Dedicated to my colleague, Dr. Tracey Nicholls
In the midst of buying some yoga pants and having the storekeeper demonstrate how they are tied, nearly having a book eaten by a cow as I sat on a park bench, and dropping off my laundry (they charge by the piece), I turn my attention back to the famous statement of Hegel:
The owl of Minerva flies at night.
Hegel tells us when the owl of Minerva (wisdom) takes off (presumably after a long meditative process), but not where the owl of Minerva is.
In India, I find the wisdom everywhere. Wisdom is a big deal here. It is much front and center as McDonalds or Starbucks are in the United States. Th biggest indication of this is in the streets. Right now, I am up in my room and hear people chanting in the streets and that is a common, not a rare, occurrence. Cows roam the streets because they are considered holy. Ashrams are prevalent, as is conspicuous signage for yoga and meditation retreats. Yoga is not to be misunderstood as exercise, but as means of transcending egoistic conventions and finding the divine.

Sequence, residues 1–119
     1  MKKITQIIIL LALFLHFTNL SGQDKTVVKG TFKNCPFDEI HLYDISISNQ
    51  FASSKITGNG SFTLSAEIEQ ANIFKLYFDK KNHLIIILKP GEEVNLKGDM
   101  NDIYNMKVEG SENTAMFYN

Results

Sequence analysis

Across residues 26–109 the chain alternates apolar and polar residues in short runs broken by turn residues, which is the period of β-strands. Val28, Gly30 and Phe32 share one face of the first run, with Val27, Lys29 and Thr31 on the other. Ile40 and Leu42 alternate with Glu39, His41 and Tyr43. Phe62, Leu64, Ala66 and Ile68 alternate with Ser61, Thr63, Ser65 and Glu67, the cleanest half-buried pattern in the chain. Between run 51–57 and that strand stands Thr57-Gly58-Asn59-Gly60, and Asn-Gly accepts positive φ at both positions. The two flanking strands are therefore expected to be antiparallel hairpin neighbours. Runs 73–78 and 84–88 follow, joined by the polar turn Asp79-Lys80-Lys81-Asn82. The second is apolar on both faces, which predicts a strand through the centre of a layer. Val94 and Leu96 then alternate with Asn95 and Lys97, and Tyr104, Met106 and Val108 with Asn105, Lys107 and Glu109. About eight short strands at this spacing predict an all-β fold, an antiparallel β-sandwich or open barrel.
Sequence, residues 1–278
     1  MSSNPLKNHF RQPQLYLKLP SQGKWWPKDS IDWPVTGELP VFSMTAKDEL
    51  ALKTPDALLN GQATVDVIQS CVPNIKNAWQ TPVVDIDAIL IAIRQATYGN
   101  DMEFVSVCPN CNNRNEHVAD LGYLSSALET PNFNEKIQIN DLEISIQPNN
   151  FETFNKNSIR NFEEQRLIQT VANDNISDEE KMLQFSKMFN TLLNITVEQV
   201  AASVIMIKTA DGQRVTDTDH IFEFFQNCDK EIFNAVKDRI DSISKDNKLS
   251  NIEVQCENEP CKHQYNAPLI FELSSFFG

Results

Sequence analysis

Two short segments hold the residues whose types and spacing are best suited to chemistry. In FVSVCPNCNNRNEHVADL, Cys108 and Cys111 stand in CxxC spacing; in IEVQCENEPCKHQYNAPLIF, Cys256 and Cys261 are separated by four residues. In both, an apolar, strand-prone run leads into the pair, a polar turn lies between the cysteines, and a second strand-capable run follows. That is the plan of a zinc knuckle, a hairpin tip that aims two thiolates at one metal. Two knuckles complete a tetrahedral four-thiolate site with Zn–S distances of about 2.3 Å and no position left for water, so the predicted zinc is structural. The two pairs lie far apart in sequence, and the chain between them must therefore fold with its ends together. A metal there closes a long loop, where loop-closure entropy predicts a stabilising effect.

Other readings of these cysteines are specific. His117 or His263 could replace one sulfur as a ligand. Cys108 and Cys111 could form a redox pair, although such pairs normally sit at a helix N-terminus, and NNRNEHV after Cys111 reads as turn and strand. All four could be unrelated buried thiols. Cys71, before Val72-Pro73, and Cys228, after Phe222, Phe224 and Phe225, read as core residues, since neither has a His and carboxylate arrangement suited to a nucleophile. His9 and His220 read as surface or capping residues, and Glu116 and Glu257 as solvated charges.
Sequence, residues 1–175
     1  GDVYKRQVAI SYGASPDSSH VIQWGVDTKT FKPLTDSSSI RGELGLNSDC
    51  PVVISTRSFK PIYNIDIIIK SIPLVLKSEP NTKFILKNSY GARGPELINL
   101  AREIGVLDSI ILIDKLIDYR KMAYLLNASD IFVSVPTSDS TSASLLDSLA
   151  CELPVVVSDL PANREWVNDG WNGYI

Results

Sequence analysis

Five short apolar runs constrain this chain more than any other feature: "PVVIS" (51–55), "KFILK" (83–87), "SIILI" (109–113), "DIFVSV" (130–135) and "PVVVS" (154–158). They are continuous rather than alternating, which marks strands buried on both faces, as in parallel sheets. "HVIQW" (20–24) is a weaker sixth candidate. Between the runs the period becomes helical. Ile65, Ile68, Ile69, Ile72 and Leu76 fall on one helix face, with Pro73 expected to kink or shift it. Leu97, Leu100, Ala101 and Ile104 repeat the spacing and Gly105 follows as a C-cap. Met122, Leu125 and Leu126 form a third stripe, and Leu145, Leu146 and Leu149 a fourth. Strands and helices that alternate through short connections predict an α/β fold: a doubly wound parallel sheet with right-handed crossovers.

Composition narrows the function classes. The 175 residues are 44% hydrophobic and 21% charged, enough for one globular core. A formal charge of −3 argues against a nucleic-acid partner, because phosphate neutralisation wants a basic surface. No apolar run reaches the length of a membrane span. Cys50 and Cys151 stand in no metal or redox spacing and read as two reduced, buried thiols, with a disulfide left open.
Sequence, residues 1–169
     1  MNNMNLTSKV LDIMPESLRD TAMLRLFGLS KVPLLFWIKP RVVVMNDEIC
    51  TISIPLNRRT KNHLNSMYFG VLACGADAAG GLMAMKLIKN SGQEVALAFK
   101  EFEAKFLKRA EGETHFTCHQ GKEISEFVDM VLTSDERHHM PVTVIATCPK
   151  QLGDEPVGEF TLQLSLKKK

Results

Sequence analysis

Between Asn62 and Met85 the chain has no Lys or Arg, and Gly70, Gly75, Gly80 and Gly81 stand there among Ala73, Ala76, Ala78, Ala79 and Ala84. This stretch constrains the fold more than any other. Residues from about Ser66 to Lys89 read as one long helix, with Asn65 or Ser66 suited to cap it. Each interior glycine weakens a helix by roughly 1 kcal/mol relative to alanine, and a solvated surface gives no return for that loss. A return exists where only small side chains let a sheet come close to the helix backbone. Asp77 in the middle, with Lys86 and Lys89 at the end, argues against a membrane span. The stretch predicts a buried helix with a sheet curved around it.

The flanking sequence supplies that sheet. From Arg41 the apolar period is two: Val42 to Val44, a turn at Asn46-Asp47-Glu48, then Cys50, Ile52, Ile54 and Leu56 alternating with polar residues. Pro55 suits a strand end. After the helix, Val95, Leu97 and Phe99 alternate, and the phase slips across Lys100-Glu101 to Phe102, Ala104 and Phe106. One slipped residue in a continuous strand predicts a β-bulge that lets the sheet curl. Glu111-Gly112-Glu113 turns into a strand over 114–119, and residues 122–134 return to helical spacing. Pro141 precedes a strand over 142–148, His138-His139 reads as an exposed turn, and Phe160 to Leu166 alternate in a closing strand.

This underscores the difference between wisdom as a way of life and wisdom as wisdom as a diversion.
Right now, wisdom is a diversion to me. Will it become a way of life, more than a classroom exercise? Let’s see how I answer that question when December comes.